There are two trails in Colorado that deserve your attention. Nay, demand it. One is the Colorado Trail, from which I have posted several ride reports from various sections. The other is the Continental Divide Trail, or CDT, of which I haven’t ridden much of. There are a few sections that coincide with other rides I have done, but I hadn’t yet concentrated on a particular section.
And sure there are pictures taken on the CDT already posted on the internet, surely. But these are views I hadn’t seen with my own eyes, only through the lens of others. So I made some time with a few friends to rectify the situation this past weekend. Our plan was to start at Jones Pass, near Berthoud Falls, CO and ride the CDT south to the Herman Gulch Trail. With Jones Pass clear of snow, we could shuttle all the way to the top and start the ride there. We placed our chase vehicle a ways down from the end of Herman Gulch in the town of Silver Plume, with intentions of riding up to Panorama Point or even routes farther if time allowed.
We enjoyed stellar weather for the entirety of the Jones Pass to Herman Gulch route, and then a deluge of pissing rain soaked us pretty thoroughly as we made our way to Silver Plume from the Herman Gulch trailhead via bike path. Opting out of any further climbing and adventuring, we inquired at the Sliver Plume station of the Georgetown Loop Railroad how to pick up the rest of the bike path to our vehicle.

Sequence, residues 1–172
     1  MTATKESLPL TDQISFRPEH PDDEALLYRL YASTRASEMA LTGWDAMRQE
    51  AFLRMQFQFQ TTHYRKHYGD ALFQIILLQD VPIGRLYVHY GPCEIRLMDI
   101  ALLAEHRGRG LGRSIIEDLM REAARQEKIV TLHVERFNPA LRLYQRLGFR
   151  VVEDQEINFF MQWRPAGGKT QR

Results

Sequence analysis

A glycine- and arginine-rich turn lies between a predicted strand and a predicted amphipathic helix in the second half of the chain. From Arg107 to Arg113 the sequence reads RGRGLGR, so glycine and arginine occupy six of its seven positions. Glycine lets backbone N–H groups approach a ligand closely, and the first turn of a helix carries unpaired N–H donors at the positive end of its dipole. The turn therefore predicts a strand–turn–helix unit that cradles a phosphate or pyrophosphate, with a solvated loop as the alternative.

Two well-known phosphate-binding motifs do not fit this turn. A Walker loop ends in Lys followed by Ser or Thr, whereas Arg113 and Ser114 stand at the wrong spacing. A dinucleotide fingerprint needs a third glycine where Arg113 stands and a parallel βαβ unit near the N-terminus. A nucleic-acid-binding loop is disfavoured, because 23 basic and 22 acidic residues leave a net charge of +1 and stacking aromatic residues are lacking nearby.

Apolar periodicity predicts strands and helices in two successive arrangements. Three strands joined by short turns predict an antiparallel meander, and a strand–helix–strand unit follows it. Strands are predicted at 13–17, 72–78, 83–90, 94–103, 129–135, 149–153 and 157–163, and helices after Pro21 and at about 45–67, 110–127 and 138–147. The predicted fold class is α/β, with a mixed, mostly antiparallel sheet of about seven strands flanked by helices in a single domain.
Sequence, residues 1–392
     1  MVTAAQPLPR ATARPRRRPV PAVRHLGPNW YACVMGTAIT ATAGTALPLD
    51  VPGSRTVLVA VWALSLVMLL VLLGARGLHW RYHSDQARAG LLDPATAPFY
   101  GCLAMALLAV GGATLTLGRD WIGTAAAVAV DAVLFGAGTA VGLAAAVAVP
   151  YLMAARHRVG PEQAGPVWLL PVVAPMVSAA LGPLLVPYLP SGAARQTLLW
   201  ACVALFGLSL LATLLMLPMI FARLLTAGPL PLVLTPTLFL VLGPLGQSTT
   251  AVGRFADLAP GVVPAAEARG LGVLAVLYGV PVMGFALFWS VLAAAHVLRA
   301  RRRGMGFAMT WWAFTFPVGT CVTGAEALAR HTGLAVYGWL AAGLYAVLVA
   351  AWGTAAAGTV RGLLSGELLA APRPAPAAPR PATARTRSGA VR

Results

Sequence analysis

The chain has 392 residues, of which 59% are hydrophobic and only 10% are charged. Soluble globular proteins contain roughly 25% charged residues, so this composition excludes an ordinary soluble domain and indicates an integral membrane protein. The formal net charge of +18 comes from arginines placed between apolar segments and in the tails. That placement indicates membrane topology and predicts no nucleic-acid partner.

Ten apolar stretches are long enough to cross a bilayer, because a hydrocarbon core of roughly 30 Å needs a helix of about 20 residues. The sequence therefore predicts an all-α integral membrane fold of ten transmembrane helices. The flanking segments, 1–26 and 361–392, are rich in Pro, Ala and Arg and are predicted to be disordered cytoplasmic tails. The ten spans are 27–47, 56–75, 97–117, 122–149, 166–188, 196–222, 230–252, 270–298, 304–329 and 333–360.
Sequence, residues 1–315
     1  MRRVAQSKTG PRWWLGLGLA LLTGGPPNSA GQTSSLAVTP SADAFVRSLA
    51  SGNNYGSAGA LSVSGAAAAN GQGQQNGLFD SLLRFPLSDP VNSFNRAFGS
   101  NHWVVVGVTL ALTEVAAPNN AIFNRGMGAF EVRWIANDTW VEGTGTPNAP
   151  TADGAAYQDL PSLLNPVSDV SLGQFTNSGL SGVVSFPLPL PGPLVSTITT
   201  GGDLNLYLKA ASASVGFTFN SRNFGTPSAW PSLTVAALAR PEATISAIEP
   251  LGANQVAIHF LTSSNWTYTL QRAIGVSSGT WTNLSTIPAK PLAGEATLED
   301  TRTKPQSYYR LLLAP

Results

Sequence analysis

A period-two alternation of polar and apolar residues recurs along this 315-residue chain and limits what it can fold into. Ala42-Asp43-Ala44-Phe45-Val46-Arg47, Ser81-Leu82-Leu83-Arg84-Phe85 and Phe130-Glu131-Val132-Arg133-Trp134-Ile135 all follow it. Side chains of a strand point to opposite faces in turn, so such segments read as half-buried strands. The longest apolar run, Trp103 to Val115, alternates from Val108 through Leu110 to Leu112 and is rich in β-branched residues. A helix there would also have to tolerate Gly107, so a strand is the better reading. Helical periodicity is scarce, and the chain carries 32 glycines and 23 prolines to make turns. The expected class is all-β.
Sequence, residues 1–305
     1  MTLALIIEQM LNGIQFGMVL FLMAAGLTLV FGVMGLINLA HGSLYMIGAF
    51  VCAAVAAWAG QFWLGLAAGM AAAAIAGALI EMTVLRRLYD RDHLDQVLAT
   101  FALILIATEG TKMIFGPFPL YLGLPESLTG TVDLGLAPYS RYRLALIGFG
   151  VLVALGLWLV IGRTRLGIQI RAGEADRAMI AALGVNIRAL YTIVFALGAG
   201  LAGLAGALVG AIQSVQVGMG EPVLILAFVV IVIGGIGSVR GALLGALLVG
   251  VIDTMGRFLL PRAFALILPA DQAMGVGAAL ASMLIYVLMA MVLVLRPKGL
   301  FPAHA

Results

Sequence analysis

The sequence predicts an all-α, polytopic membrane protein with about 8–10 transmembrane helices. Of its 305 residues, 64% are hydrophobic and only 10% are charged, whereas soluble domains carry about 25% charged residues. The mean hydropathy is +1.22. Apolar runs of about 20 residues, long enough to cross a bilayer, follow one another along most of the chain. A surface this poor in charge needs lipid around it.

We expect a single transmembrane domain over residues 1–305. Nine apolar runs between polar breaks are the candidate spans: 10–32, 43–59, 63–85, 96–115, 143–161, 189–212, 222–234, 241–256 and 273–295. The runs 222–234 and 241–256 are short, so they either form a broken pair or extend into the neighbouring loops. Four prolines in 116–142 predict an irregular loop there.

“Well, it’s right there by I-70”, said the Railroad Bro. “But you don’t want that, not how you’re rollin’. There ain’t no jumps or rocks or anything on the bike path. Head up this dirt road a bit, straight past the left-hand switchback, and look for the singletrack just after it. That’ll get you to Georgetown.”
Yeah, we might have gotten turned around a couple of times but it was well worth it. With the rain subsided, we enjoyed some of the best pine-needle strewn loam I’ve ever ridden in Colorado, winding all the way through the forest to Georgetown. At one point, the trail paralleled the railroad tracks and we rode along side a train filled with tourists.
“Look, honey! Mountain bikers! Wait until we tell the folks back home!”
What follows is what I captured with my camera from Jones Pass to the top of Herman Gulch. Turns out, descending Herman Gulch, with it’s myriad of roots and tricky rock sections, is way too fun to stop for pictures. And once we got soaked the camera was put away in a dry place and didn’t come back out until it was time to edit and upload pictures. Enjoy.
From the top of Jones Pass, looking back towards Henderson Mine:
Pushing, this early in the ride? Yup, we’re well above 12,000′ at this point:
A little reprieve from the hike-a-bike, looking down the ridgeline the CDT follows:
Philosophical question: do you herp while you derp? Herp Derpington and Derp McHerp provide some insight:
I love the high alpine patchwork tundra, especially on top of a fairly narrow ridgeline under bright blue skies:
Wow. Just, wow. This:
On the descent of the CDT towards Herman Lake. Plenty of narrow flowing singletrack and wide open views:
Lake Herman selfie. No one fell in:
Parting gift, some alpine beauty just before descending Herman Gulch: